Vydáno: 2005 (2004)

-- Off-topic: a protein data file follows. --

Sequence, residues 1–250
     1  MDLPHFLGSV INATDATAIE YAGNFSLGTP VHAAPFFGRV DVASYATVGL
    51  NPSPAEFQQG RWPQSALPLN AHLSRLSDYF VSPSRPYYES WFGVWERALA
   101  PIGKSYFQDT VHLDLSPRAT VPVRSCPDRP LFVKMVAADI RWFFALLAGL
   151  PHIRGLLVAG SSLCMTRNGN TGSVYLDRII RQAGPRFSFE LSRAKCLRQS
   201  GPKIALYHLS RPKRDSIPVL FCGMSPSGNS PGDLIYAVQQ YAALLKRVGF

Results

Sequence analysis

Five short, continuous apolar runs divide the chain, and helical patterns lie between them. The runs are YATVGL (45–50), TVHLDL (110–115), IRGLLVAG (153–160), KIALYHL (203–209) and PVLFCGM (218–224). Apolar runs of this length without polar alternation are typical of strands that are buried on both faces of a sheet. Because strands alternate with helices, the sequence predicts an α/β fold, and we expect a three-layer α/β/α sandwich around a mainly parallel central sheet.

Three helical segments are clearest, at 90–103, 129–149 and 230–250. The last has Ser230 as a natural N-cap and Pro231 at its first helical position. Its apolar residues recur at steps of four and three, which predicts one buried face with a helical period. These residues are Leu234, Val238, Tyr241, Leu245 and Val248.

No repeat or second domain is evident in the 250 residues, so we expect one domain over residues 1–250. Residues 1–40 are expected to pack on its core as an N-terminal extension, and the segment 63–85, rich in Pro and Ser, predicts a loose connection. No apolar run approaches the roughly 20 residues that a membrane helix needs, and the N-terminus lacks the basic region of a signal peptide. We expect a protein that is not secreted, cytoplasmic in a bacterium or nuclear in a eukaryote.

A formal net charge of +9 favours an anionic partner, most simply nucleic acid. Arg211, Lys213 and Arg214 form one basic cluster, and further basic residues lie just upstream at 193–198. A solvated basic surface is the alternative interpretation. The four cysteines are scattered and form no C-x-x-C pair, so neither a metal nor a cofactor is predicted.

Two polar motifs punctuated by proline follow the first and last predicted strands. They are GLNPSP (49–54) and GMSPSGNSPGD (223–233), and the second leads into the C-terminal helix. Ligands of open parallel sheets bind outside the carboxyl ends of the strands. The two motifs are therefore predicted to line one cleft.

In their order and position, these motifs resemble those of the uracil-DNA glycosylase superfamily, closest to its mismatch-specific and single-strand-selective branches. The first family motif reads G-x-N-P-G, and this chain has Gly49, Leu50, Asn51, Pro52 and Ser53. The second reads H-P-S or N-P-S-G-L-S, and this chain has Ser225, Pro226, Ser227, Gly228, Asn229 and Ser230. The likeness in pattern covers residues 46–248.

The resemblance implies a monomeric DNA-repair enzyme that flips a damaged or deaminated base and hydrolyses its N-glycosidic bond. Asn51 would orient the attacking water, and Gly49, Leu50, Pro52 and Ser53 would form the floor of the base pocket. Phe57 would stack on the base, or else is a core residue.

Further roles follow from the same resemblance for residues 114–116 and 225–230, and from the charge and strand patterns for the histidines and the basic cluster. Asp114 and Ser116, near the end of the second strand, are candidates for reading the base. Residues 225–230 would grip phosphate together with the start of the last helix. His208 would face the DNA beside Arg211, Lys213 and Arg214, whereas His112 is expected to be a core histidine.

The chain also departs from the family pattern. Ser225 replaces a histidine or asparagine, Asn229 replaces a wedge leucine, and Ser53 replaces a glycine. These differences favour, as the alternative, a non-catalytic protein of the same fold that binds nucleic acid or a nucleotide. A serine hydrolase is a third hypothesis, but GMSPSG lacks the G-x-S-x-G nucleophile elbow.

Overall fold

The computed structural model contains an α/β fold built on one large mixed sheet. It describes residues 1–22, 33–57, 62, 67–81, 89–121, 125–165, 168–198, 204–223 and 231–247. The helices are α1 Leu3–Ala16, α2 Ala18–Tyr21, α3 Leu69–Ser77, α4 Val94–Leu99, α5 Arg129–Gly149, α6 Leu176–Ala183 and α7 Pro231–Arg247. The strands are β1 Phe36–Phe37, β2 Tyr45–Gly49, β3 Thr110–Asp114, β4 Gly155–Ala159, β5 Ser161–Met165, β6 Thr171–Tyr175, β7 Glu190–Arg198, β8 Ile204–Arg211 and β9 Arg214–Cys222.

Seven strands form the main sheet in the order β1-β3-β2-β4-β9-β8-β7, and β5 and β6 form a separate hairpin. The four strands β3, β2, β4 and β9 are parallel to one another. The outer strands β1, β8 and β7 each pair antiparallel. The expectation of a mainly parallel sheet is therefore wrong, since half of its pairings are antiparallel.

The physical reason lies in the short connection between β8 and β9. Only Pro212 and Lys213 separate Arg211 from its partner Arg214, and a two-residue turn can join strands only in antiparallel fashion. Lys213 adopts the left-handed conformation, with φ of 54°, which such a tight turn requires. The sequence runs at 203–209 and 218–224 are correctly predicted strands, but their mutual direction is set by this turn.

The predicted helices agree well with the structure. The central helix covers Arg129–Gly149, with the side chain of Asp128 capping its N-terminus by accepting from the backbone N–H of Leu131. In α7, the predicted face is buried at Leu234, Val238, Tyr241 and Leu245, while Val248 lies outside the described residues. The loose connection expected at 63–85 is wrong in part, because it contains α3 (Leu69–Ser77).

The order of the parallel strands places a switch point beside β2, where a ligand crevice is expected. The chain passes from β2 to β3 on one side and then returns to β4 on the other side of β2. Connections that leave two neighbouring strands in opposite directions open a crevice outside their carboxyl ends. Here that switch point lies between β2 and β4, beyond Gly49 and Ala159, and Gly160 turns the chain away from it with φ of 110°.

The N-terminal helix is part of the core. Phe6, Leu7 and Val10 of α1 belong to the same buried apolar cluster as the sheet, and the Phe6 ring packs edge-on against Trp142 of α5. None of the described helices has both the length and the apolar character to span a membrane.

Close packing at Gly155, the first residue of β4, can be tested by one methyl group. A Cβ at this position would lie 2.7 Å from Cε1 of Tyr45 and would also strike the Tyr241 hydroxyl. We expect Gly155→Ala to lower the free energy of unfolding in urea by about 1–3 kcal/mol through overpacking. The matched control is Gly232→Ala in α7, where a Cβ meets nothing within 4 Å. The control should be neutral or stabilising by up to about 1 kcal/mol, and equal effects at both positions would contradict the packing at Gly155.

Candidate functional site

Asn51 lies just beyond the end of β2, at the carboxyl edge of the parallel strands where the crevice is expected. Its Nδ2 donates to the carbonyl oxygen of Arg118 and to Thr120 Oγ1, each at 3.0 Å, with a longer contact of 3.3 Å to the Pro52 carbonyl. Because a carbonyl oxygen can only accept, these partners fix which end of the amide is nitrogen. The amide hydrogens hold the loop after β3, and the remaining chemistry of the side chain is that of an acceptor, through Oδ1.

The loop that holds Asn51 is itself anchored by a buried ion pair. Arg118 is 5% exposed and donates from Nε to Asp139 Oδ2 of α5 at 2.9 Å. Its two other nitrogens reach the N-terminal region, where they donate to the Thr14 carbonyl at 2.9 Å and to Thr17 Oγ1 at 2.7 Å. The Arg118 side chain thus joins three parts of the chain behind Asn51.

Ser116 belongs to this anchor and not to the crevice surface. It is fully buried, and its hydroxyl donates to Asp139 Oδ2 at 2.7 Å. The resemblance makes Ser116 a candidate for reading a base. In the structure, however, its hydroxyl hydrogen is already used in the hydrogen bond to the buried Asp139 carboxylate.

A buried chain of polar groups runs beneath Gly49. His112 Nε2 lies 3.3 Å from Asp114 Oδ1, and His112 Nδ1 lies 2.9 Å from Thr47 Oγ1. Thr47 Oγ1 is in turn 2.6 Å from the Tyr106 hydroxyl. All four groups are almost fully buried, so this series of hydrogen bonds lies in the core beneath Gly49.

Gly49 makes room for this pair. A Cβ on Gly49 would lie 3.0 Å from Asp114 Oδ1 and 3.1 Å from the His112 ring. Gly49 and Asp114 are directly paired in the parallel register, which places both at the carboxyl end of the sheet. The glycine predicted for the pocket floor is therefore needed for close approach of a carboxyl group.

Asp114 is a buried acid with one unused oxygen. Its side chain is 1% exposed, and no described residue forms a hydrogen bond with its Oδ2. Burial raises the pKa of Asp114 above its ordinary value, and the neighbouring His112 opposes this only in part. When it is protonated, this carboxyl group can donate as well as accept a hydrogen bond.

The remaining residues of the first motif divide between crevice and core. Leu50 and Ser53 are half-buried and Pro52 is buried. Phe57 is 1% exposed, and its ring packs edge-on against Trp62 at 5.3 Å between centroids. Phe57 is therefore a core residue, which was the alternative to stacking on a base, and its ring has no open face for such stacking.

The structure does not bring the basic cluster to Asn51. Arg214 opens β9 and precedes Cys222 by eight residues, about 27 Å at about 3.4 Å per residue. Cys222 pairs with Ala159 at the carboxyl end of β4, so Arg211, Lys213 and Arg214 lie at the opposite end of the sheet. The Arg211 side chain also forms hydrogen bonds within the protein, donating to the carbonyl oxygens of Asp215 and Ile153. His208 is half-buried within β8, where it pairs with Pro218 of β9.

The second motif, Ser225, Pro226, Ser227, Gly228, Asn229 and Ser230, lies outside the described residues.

Any book touted as the ‘adult Harry Potter’ runs the risk of attracting critical parries from swords of the double-edged variety. If this wasn’t enough, Jonathan Strange & Mr Norrell--the debut novel from Susanna Clarke--also invites comparisons with Jane Austen. Set in the early nineteenth-century, the action moves from genteel drawing rooms—albeit where a mischievous Faerie king sips tea with the wife of a very human government minister, to the bloody battleground of Waterloo, where giant hands of earth drag men to their doom. The juxtaposition of perfectly realised magical worlds and the everyday one with which JK Rowling and Philip Pullman so successfully captured our imaginations and the social comedy of Austen and Thackeray can easily be recognised. But less easy to pastiche is the ability of these writers to induce sheer narrative pleasure, and it is Clarke’s great achievement that she succeeds with this hugely enjoyable read. Gilbert Norrell is determined to single-handedly rehabilitate his sanitised and patriotic version of English magic, which has suffered a post-Enlightenment neglect after a richly dark history. He ruthlessly secures his place as England’s only magician in two marvellously drawn feats. First, he brings the statutes of York Cathedral to life and then, to facilitate his entry into London society, he brings a young bride-to-be back from the dead--a feat with terrible consequences. However, another more naturally gifted magician—Jonathan Strange—emerges to become his pupil and later his rival. Strange becomes increasingly obsessed with the Raven King—the medieval lord-magician of the North of England and pursues his desire to recruit a fairy servant to the edge of madness. Whilst the differing characters of Norrell and Strange give the book a central human conflict, it is the tension between the dual natures of civilised and wilder magic that lends it a metaphysical texture that shades the narrative with wonderful and troubling descriptions of ships made of rain, paths between mirrors and faerie roads leading out of England to a bleak yet dazzling realm. Fortunately, the precision of her storytelling never reigns in Clarke’s prodigious imagination. Clarke’s broad canvas of characters—including Wellington, Napoleon and Bryon, locations and tones are masterfully realised. However, sometimes her own enchantment with them leads her to drop her pace, although even at almost 800 pages, this is a book to which you’ll muster up little resistance. Jonathan Strange & Mr Norrell is the perfect novel to take up residence in as the nights get longer.